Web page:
In 2015, I took my first job in education as a public high school teacher just south of Seattle, Washington.
As I began the year, I was excited to prove myself and make a difference. I had spent the summer crafting the perfect curriculum, designing a fail-proof system for grading, and had purchased more posters than I could ever have the wall space for in a classroom. I saw this as my opportunity to “shape young minds,” face down and fix all the “problems” I had skillfully diagnosed, and ultimately to transform the world based on my own ideals and belief systems.
It was a damaging and saviorist posture to carry.
Before long I became one of our teacher union’s building representatives, which bolstered me even more as the “good protector” of the people. And when a new principal showed up and we didn’t see eye to eye, I saw it as my sacred duty to stand up and fight for what I saw as “right.” I felt as though this were a holy war. Every day as I walked into the school building, my body carried the tension of being in an epic battle of good versus evil.
For two years, this tension percolated within me, slowly at first, but growing everyday. I could sense an internal, bubbling anger within my depths and the feeling I was bashing my head against a wall over and over again.
And, as things tend to do when we’re stressed, other aspects of my life began to feel the impact of this constricted state of being.
My relationship with my then-fiancée, which had felt rock-solid, began to fall apart, turning my home into an extension of the war zone. I would come home from a day of battle and immediately transition to walking on tiptoes, actively working to avoid the landmines of saying or doing the “wrong thing.” It felt as thought I were in between two “mountains of the unsolvable.”
That’s when the crash happened.
Realizing – finally – this was a situation I couldn’t fix with a snap of my fingers or any amount of kind words, I fell into the dark softness of grief.
This wasn’t just a grief for the never-ending struggle at work or the definitely-ending of a relationship; there was a subtle quality to this grief that struck much deeper to my core. This was an experience of grief for having lost touch with a sense of my own good-enough-ness, my own worthiness, and my inherent dignity.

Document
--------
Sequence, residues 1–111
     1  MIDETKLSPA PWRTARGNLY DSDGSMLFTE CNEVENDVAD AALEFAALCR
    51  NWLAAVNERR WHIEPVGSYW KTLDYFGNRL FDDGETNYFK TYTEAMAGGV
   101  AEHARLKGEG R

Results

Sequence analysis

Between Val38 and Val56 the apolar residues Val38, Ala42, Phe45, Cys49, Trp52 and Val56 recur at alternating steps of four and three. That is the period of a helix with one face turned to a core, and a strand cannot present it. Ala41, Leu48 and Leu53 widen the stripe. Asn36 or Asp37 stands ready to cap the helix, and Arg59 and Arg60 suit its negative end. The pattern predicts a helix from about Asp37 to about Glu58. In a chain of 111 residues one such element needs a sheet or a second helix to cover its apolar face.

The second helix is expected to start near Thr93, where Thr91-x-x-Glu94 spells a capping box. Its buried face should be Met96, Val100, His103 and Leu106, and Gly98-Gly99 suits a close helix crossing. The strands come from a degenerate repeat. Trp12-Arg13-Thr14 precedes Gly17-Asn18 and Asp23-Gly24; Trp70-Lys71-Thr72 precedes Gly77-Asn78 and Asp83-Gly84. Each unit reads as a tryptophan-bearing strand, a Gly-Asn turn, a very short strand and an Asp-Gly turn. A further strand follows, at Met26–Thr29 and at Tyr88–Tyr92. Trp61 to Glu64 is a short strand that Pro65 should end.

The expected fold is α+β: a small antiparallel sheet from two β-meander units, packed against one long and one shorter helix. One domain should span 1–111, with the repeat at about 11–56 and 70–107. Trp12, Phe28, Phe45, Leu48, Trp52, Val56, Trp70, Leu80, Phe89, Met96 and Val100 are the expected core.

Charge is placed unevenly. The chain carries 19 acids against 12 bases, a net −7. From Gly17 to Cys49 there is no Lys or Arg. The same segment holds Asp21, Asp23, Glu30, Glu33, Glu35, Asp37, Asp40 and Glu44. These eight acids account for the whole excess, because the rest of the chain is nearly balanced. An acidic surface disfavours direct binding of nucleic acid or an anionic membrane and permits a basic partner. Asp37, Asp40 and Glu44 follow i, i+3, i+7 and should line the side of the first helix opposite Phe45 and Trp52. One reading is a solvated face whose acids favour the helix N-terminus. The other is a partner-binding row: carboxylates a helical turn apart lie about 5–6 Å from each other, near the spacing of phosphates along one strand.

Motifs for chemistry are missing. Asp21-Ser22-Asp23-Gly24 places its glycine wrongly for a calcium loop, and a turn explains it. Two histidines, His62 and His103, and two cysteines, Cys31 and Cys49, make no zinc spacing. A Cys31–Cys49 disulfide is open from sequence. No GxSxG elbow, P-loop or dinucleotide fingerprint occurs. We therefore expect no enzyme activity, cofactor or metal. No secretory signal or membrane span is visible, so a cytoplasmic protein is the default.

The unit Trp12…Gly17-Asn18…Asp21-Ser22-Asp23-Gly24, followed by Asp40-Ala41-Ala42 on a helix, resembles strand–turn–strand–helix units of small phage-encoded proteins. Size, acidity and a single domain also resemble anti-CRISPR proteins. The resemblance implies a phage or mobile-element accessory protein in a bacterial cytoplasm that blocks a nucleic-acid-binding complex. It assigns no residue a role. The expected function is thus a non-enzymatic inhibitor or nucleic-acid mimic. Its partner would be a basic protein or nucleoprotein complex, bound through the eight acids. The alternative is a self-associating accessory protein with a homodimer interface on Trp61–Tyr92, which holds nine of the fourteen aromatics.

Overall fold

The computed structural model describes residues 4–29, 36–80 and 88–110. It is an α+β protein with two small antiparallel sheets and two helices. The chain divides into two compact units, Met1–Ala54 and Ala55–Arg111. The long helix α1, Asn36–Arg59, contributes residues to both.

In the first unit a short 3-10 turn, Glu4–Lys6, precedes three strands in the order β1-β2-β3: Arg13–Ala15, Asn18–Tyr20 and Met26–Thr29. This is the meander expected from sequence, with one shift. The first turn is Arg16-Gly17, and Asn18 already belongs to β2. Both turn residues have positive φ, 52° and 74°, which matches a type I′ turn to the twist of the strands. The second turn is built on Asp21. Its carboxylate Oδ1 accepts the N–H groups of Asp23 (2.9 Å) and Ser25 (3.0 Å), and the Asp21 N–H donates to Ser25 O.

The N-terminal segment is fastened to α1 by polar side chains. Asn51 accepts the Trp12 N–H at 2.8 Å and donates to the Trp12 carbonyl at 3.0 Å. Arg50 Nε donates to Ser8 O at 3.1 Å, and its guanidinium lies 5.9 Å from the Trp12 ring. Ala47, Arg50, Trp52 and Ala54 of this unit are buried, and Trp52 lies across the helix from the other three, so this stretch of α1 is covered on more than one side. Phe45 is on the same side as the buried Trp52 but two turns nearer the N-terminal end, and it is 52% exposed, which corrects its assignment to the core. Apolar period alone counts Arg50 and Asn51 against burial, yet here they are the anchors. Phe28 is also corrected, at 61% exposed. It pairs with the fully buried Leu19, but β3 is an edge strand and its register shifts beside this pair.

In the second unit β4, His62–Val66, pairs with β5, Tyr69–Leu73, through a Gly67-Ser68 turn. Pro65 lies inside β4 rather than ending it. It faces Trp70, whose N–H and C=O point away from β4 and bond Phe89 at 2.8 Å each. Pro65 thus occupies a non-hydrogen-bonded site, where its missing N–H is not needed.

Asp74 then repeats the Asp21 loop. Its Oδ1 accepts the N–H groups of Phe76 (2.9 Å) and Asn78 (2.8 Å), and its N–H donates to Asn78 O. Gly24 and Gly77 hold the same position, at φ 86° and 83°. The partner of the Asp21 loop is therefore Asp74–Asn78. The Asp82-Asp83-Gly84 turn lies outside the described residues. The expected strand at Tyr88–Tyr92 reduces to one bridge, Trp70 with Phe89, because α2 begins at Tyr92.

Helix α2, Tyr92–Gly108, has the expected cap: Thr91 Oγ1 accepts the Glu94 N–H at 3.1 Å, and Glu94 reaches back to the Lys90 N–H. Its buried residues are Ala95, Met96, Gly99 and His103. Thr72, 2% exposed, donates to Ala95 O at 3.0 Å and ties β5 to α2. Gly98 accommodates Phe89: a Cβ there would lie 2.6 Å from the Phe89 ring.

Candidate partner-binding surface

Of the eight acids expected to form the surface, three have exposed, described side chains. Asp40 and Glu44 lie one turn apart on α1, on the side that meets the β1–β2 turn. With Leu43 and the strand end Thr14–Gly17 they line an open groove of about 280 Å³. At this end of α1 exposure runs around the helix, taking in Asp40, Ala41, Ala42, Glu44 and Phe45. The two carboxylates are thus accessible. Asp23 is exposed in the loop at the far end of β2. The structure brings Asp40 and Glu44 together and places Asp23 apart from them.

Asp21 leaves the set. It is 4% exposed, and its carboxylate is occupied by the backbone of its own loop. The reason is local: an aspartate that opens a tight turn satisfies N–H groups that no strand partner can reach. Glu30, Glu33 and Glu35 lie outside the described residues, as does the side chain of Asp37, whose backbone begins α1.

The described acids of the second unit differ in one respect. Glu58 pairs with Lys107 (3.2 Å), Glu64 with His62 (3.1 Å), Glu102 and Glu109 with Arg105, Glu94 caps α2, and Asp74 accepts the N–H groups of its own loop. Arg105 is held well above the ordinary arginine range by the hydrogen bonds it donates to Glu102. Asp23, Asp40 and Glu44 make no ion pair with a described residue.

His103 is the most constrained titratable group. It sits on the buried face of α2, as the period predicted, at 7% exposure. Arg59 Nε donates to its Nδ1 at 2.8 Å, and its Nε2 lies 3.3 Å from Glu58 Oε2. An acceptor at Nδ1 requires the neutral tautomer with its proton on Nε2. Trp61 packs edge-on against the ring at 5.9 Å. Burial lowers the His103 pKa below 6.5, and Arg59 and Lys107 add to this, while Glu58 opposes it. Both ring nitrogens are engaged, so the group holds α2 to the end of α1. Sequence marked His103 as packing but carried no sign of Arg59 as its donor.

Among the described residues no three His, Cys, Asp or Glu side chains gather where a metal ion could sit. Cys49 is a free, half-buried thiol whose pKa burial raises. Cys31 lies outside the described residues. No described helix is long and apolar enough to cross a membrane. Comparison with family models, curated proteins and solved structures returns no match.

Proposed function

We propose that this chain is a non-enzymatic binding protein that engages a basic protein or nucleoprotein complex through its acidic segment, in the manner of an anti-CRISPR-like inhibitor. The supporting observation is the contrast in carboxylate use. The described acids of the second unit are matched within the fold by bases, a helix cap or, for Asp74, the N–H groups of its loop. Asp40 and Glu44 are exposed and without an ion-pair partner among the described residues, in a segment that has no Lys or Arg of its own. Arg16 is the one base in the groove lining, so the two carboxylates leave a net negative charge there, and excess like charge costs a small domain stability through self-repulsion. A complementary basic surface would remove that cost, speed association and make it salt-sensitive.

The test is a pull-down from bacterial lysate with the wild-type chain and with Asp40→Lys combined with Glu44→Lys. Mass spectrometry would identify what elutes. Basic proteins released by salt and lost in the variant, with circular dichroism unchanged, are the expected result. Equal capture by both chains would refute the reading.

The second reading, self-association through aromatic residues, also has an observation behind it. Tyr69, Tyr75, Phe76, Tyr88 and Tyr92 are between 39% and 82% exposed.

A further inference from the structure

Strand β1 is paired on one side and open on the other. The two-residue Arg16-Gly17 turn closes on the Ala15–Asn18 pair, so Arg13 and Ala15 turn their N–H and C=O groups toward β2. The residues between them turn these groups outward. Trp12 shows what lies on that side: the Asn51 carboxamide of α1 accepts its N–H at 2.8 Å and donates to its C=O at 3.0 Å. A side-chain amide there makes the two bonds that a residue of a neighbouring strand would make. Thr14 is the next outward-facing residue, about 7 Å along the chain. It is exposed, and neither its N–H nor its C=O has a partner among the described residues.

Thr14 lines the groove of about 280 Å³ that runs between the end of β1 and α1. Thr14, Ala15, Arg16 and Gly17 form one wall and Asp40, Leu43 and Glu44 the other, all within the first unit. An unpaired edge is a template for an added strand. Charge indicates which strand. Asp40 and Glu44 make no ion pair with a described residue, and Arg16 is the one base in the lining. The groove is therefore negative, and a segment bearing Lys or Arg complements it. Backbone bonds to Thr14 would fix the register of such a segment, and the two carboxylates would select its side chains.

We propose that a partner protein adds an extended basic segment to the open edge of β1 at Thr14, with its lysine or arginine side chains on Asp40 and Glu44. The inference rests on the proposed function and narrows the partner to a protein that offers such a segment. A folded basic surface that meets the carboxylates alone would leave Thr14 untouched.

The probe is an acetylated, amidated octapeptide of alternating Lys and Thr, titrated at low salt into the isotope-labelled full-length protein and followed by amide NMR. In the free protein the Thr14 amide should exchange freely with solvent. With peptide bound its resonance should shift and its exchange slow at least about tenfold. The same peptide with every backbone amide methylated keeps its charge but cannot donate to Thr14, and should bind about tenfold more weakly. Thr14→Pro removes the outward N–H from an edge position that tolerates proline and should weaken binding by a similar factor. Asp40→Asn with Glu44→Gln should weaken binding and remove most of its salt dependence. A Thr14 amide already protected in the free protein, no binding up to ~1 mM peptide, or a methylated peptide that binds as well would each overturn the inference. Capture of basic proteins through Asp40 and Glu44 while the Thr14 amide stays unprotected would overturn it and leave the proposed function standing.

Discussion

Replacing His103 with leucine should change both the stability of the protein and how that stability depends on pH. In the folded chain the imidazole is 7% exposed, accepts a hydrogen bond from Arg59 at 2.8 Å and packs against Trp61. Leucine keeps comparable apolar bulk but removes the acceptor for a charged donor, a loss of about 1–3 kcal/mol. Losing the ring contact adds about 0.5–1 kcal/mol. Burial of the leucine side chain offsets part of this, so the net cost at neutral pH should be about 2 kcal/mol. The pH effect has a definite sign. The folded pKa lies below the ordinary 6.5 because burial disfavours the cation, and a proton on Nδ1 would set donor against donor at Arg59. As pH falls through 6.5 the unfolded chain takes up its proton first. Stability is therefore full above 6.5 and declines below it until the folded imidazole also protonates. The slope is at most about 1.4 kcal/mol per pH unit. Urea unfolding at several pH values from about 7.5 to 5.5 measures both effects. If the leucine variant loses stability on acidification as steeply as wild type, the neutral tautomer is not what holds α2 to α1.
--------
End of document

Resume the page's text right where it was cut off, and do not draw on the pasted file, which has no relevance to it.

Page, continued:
That part of me that James Finley calls “infinitely precious.”
Or to borrow a phrase from Howard Thurman, I began to grieve having closed my ears to the sound of the genuine attempting to sing its way up from within me.
I remember clearly the night when the illusion burst.
My partner and I were in an argument at home over something or other and I finally lost it. Tapping into the grief and the all-consuming anger present within me, mostly directed at myself, I hopped on my bike and all I could do was ride, my feet demanding the tires go faster with each push of the pedals.
(I later referred to this moment with my friends as my “Ride of Rage.”)
My brain simply couldn’t comprehend what was happening and my body had finally had enough of the stress and repression of emotions. I rode down the darkened streets at full speed as I pushed myself and angered at the world. It was only when my legs began to give out and I came to a stop and just breathed that I was able to recognize for the first time the illusion I had been living in: an illusion that I was in control.
In other words, in that moment of darkness and exhaustion and grief I entered the beautifully tender and frustrating liminal space of disillusionment.
In his book The Active Life, Parker Palmer writes: